Dr. Kosik's book The Alzheimer's Solution has provided lots of support for my approach. I'm so pleased with the clarity of his comment above on the recent NIH article calling for research of Alzheimer's prevention. His message is so important that the Alzheimer's awareness and advocacy community should ensure that it gets to the public and to policymakers to undo the damage the NIH panel's report may have done.

References

News Citations

  1. NIH Calls for More (and Different) Research on Preventive Measures
  2. Get Moving—Walking Enlarges Hippocampus, Preserves Memory in Seniors
  3. Research Brief: To Preserve Your Gray Matter, Take a Hike

Paper Citations

  1. . National Institutes of Health State-of-the-Science Conference statement: preventing alzheimer disease and cognitive decline. Ann Intern Med. 2010 Aug 3;153(3):176-81. PubMed.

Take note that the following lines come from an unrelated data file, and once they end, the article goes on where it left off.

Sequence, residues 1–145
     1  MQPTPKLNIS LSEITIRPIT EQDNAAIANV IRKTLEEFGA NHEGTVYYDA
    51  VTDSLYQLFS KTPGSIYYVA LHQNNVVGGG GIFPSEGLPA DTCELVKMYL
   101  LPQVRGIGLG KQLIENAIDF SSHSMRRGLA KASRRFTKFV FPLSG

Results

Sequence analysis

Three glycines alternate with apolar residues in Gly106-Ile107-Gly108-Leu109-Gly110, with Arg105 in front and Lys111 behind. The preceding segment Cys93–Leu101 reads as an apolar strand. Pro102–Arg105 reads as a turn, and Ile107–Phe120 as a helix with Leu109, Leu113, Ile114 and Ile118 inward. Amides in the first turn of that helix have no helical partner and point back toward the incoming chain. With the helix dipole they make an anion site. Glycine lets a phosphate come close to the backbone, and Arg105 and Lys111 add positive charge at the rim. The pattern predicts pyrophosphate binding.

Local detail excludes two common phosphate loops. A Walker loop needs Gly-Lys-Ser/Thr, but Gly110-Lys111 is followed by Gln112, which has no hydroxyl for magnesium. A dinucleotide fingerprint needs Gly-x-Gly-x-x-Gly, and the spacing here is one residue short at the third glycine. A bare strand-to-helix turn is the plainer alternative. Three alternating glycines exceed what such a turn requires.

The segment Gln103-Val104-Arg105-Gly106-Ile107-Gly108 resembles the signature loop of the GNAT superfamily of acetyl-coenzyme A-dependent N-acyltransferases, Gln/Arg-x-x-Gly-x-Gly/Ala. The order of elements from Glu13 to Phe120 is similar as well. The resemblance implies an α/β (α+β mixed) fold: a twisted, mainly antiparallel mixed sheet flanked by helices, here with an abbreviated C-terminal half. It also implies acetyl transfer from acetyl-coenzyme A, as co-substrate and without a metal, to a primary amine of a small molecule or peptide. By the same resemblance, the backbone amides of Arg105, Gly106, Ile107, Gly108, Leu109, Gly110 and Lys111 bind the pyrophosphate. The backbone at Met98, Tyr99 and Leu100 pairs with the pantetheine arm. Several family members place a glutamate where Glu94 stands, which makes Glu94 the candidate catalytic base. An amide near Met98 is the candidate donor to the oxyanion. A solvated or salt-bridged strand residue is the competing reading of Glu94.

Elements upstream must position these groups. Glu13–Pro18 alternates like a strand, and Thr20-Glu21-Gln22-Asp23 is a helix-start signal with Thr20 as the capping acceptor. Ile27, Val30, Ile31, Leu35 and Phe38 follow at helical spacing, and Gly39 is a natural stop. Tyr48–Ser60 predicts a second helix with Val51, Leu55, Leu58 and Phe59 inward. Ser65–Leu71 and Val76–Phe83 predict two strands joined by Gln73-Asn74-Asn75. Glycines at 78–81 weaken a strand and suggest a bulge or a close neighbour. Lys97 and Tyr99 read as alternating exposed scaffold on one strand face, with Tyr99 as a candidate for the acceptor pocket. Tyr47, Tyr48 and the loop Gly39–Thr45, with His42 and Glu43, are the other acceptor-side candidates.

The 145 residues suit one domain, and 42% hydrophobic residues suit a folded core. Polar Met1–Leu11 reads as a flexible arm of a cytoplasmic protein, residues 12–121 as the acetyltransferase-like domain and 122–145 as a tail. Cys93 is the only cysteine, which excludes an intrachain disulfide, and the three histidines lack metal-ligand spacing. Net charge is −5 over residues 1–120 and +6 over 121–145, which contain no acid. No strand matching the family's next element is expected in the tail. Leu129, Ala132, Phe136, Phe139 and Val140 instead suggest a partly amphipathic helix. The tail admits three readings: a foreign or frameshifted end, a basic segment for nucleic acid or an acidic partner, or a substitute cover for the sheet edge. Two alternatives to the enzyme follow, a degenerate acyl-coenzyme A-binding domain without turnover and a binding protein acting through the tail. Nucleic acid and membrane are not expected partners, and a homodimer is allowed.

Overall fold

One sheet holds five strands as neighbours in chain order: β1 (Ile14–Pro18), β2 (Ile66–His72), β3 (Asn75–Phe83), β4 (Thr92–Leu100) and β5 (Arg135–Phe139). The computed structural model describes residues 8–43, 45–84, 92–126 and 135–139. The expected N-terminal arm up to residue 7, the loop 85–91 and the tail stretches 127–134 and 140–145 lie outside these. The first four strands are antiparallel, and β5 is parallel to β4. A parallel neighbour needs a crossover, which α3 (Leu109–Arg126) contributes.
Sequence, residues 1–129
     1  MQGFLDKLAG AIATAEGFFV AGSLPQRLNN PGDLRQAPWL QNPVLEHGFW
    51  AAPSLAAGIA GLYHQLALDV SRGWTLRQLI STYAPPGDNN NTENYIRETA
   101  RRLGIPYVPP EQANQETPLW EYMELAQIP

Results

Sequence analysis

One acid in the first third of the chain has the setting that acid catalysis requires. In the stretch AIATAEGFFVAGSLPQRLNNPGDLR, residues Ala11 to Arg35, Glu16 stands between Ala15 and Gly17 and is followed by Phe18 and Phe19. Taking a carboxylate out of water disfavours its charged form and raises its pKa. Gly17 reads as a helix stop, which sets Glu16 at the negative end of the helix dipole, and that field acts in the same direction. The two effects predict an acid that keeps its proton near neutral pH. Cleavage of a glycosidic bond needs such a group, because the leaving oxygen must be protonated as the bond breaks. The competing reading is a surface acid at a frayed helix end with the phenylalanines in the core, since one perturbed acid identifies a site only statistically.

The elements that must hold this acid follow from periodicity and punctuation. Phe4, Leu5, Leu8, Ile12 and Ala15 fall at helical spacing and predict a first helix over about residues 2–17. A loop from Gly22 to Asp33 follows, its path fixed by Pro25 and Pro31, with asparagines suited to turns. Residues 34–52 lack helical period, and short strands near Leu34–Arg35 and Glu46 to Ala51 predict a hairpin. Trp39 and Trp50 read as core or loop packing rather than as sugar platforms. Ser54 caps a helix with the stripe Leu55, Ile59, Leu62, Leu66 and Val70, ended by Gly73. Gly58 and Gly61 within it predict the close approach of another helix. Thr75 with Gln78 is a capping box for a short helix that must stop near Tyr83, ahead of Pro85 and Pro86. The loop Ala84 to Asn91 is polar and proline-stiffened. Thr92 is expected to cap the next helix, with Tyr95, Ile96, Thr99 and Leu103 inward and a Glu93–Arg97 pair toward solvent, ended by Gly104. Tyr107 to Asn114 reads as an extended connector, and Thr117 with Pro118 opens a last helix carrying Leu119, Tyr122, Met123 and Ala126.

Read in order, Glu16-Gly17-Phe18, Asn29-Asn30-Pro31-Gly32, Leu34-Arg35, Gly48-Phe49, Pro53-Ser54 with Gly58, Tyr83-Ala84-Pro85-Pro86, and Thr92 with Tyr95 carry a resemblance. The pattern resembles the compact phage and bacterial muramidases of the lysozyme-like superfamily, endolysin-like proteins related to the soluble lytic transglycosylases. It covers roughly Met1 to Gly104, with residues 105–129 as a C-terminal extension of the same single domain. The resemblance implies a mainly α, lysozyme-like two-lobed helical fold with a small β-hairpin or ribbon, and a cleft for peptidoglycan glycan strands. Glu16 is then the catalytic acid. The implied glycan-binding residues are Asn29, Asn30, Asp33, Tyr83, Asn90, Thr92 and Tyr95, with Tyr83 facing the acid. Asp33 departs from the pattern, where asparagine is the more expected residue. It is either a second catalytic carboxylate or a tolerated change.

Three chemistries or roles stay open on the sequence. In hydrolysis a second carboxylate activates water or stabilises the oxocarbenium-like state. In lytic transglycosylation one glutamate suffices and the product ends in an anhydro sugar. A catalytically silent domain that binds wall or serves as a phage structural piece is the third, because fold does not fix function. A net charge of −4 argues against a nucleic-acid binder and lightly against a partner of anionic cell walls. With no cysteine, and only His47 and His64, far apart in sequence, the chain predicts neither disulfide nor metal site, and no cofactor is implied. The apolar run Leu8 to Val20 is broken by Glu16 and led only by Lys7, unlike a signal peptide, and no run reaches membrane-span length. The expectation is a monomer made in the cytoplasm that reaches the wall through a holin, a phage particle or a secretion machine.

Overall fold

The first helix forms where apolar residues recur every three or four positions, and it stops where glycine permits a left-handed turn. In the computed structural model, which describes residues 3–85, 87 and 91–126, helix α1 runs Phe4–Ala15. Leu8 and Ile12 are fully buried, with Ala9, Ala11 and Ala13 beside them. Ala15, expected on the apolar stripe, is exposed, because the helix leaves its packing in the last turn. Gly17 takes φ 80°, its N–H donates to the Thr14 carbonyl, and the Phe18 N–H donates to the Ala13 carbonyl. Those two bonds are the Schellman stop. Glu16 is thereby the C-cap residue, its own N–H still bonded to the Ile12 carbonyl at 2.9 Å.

2. . NIH State-of-the-Science Conference Statement: Preventing Alzheimer's Disease and Cognitive Decline. NIH Consens State Sci Statements. 2010 Apr 28;27(4) PubMed.
  3. . Preventing Alzheimer's disease and cognitive decline. Evid Rep Technol Assess (Full Rep). 2010 Apr;(193):1-727. PubMed.
  4. . Exercise training increases size of hippocampus and improves memory. Proc Natl Acad Sci U S A. 2011 Feb 15;108(7):3017-22. PubMed.
  5. . Physical activity predicts gray matter volume in late adulthood: the Cardiovascular Health Study. Neurology. 2010 Oct 19;75(16):1415-22. PubMed.

Further Reading

Papers

  1. . National Institutes of Health State-of-the-Science Conference statement: preventing alzheimer disease and cognitive decline. Ann Intern Med. 2010 Aug 3;153(3):176-81. PubMed.
  2. . NIH State-of-the-Science Conference Statement: Preventing Alzheimer's Disease and Cognitive Decline. NIH Consens State Sci Statements. 2010 Apr 28;27(4) PubMed.
  3. . Preventing Alzheimer's disease and cognitive decline. Evid Rep Technol Assess (Full Rep). 2010 Apr;(193):1-727. PubMed.

Primary Papers

  1. . Risk factors and preventive interventions for Alzheimer disease: state of the science. Arch Neurol. 2011 Sep;68(9):1185-90. PubMed.